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Fredde79 7th December 2012 12:28 PM

Bass preamp: non-inverting an inverting tone stack (opamp)
 
Hi!

I'm building a bass preamp (not my first). I'm using a three band active baxandall tonestack found in the LF353 datasheet (I'm using OPA2134 however).

If I'm not completely lost, this tonestack produces an inverted signal, and would need to be re-inverted. Right? So I plan to put an inverting gain stage after it, and then use the remaining opamp section as an output buffer. Does this seem at all sensible to you?

http://subsite.tilaa.eu/share/projec..._tonestack.png

pinkmouse 7th December 2012 12:43 PM

Why bother?

Fredde79 7th December 2012 12:49 PM

Quote:

Originally Posted by pinkmouse (Post 3274534)
Why bother?

I don't know, maybe it isn't necessary? What if I want to split the signal with a DI box before the preamp, wouldn't I have both an inverted an non-iverted signal on stage?

JMFahey 7th December 2012 05:09 PM

The signal will be inverted, no doubt, but it usually does not matter.
Even if you use a direct box, it will go to the PA, away from the stage.
In fact many amps invert at random, sometimes even in the same amp (as in Fender Twins) where if you jumper both channels, you lose signal big way, because they go to the same power amp and speaker (not your case).
And if you join many amps on stage, you'll typically chain drive them from your main preamp out to all other power amps, which *usually* (95% of them), are non inverting.
But anyway we are talking about a single op amp stage, so go ahead if you wish, and add a "phase" switch, to select taking signal before or after it.
Most PA and recording mixers have that available.
It might be useful in some situation if, say, you drive 2 amps, straight at their inputs, from, say, some Bass effects processor.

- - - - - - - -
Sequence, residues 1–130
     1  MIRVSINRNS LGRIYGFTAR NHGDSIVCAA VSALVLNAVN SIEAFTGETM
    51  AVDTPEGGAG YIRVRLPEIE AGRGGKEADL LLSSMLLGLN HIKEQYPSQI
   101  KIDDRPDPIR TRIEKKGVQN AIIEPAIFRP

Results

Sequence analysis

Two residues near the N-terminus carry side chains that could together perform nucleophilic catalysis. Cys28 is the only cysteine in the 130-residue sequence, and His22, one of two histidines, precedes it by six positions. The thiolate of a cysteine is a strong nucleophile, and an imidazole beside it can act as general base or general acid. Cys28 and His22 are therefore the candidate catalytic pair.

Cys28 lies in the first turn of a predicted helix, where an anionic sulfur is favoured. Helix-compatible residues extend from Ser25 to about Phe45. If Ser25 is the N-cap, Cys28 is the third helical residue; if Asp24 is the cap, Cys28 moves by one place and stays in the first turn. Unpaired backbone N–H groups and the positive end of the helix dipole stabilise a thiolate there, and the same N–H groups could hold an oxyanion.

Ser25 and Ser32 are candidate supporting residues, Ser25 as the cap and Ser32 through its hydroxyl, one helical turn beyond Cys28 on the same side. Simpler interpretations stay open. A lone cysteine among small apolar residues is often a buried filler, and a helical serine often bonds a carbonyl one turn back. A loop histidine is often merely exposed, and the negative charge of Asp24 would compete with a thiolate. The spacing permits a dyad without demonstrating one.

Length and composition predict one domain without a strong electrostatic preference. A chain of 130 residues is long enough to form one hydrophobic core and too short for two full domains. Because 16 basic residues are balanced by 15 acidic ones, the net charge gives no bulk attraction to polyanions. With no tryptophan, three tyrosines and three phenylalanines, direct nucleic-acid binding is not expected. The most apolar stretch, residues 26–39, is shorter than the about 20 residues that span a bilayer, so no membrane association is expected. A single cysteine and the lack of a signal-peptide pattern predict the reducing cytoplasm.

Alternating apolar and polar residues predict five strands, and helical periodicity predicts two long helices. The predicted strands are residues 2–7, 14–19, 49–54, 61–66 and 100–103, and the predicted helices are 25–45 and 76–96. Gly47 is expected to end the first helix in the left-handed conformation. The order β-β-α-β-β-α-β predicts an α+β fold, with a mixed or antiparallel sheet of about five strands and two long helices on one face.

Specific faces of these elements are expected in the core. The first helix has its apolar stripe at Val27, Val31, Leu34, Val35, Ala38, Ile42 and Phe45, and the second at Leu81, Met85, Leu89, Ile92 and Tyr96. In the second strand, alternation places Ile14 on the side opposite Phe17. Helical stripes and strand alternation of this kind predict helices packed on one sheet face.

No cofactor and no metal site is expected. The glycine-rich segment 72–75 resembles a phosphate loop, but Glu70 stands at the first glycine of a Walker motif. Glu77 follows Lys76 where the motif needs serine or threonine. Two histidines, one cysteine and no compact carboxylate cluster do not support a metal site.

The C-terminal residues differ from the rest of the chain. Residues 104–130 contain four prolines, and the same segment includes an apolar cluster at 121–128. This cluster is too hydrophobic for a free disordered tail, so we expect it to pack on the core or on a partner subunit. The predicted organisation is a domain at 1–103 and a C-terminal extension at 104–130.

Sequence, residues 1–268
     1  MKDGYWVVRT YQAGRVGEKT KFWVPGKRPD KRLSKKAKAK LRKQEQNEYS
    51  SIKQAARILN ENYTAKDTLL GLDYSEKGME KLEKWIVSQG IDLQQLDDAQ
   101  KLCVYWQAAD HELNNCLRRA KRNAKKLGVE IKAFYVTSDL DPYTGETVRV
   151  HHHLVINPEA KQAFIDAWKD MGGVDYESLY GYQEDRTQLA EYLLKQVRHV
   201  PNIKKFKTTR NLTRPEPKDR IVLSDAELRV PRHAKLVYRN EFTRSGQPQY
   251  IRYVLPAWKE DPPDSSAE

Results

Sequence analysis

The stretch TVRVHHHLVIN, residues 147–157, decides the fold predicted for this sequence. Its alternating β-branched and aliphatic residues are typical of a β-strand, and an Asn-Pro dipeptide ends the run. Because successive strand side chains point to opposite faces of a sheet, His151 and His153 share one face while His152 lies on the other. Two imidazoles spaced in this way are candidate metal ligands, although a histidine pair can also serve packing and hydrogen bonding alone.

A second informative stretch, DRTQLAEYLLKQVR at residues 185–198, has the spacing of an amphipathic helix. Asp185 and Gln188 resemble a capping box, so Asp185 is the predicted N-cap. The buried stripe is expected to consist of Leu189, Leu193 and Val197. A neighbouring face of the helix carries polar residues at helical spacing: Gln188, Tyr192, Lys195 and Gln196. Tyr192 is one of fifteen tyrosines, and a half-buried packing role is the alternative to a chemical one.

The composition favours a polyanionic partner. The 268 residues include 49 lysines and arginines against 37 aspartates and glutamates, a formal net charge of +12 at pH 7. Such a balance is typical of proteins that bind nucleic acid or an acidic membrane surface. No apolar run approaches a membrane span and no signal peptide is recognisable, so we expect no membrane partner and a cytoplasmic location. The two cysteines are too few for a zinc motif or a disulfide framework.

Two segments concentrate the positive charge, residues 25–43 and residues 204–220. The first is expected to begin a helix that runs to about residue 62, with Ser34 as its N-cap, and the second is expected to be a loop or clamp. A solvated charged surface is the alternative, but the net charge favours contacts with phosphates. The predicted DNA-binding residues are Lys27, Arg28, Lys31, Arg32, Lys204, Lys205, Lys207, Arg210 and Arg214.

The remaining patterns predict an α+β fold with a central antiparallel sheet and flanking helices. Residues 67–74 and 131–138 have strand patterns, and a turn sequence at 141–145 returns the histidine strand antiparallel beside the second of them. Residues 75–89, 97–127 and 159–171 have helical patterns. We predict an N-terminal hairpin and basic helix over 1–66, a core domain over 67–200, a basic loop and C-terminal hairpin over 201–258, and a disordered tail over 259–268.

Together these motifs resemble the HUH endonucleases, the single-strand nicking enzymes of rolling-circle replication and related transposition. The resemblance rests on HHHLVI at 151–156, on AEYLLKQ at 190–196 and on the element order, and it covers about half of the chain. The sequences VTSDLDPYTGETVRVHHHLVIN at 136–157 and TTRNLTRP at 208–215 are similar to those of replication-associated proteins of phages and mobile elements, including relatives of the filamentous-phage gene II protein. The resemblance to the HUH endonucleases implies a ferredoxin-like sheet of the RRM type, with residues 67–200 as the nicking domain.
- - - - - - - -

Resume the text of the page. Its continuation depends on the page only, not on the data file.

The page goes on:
Fredde79 7th December 2012 05:30 PM

Thanks for your replies! So basically it doesn't make any difference if I make the gain stage inverting or non-inverting? But if I have a separate gain stage, there's no harm in making the first section inverting like in my mockup, right?

Loudthud 7th December 2012 06:17 PM

You have to be carefull in musical instrument amps when using non-inverting stages like the first stage in your schematic. If the input goes below about -12V, the output of that stage will slam the positive rail because the input common mode range has been exceeded. It's better to use an inverting stage there (noise may be higher), even better to add anti-parallel diodes at the summing junction to ground. This is why many opamp circuits have a reputation of sounding bad.

Fredde79 7th December 2012 08:42 PM

Ok, thanks. Is this what you have in mind?

http://subsite.tilaa.eu/share/projec...ion_diodes.png

Loudthud 7th December 2012 09:22 PM

Yes, that would work but I would suggest that you make the input buffer inverting. Many modern bass amps use a variable gain stage as an input buffer between the bass guitar and any tone shaping circuits.

Fredde79 7th December 2012 10:44 PM

Quote:

Originally Posted by Loudthud (Post 3275165)
Yes, that would work but I would suggest that you make the input buffer inverting. Many modern bass amps use a variable gain stage as an input buffer between the bass guitar and any tone shaping circuits.

Ok, thanks I'll try that!

Fredde79 7th December 2012 11:52 PM

Did I understand you correctly, something like this? (I'm thinking the gain pot should be reverse log in this case.)

This would be a neat solution (if it's plausible), I'm a bit worried about input impedance though.

http://subsite.tilaa.eu/share/projec...ing_buffer.png

BTW: feel free to stop answering when you grow tired of my questions :)


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